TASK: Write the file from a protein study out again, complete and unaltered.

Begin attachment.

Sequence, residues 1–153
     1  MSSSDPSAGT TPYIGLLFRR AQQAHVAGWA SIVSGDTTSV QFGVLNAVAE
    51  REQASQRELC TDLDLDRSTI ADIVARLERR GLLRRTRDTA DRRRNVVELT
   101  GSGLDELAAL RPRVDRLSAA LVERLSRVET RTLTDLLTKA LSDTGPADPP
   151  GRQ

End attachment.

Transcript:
Sequence, residues 1–153
     1  MSSSDPSAGT TPYIGLLFRR AQQAHVAGWA SIVSGDTTSV QFGVLNAVAE
    51  REQASQRELC TDLDLDRSTI ADIVARLERR GLLRRTRDTA DRRRNVVELT
   101  GSGLDELAAL RPRVDRLSAA LVERLSRVET RTLTDLLTKA LSDTGPADPP
   151  GRQ